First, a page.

The DRC also has a limited number of assistive listening devices, which help students with hearing impairments or certain auditory processing disorders hear their faculty more clearly. In a closed-loop system, students wear an earbud or headphone plugged into a pack that is connected remotely to a pack that the professor wears with a lapel mic.
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Adaptive, or assistive technology (AT), are technologies that help individuals do certain tasks differently because of the impact of a disability. These technologies include low-tech solutions such as placing a writing utensil through a tennis ball to help with writing dexterity, to high-tech solutions such as hand-held digital magnifiers to help individuals with vision impairments see finer details wherever they go.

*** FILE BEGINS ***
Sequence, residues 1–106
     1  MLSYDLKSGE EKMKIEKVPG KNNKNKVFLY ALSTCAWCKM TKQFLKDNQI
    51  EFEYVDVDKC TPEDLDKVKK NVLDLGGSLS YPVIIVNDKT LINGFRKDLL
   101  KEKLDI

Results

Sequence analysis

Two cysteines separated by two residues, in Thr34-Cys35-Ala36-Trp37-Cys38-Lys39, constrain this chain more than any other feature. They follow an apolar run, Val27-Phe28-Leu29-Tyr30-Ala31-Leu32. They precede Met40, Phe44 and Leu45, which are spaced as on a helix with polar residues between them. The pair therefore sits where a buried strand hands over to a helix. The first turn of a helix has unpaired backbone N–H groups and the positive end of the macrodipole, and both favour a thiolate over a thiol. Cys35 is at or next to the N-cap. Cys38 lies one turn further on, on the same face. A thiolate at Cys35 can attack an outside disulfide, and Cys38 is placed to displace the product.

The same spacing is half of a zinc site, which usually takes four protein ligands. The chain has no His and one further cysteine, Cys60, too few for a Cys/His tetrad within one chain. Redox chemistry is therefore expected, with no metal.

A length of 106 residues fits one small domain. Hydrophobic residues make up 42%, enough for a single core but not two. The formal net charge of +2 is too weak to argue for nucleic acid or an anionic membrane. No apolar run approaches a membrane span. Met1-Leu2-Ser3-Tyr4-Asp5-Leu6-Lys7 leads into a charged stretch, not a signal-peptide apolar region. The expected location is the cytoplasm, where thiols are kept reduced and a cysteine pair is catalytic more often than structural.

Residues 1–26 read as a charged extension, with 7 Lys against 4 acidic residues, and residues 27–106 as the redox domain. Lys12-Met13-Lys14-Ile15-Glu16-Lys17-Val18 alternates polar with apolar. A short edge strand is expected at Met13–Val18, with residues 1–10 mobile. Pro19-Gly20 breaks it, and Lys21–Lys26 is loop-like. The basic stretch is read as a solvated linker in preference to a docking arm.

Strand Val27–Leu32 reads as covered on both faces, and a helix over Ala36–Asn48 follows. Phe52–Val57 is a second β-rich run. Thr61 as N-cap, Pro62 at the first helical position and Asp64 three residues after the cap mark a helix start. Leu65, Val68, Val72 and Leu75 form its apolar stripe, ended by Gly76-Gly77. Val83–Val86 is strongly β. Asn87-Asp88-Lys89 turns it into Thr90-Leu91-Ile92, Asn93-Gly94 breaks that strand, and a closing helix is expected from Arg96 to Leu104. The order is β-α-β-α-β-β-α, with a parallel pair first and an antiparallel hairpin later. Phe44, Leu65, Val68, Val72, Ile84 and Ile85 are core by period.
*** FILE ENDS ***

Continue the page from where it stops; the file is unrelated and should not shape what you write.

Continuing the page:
The DRC has a limited amount of AT depending on the particular tool due to cost restrictions, but we will always help ensure that students have the tools that they need to help mitigate the impact of their disabilities. We have a computer lab in Frist Hall that is loaded with all of the software technologies students might need as accommodations, and we have licenses for most of those technologies to share with students on their individual computers on an as-needed basis. The library also has a room with these technologies available on the 2nd floor. We currently have one CCTV to enlarge documents for students, a handful of digital and non-digital hand-held magnifiers, and various other adaptive technologies such as large-keyed keyboards, high contrast keyboards, ergonomic keyboards and computer mice, etc.
Each semester, Professor of Engineering, Cecelia Wigal, teaches an introductory engineering course that has students design and create assistive devices for people with disabilities, which is showcased at the end of each semester in the EMCS Building.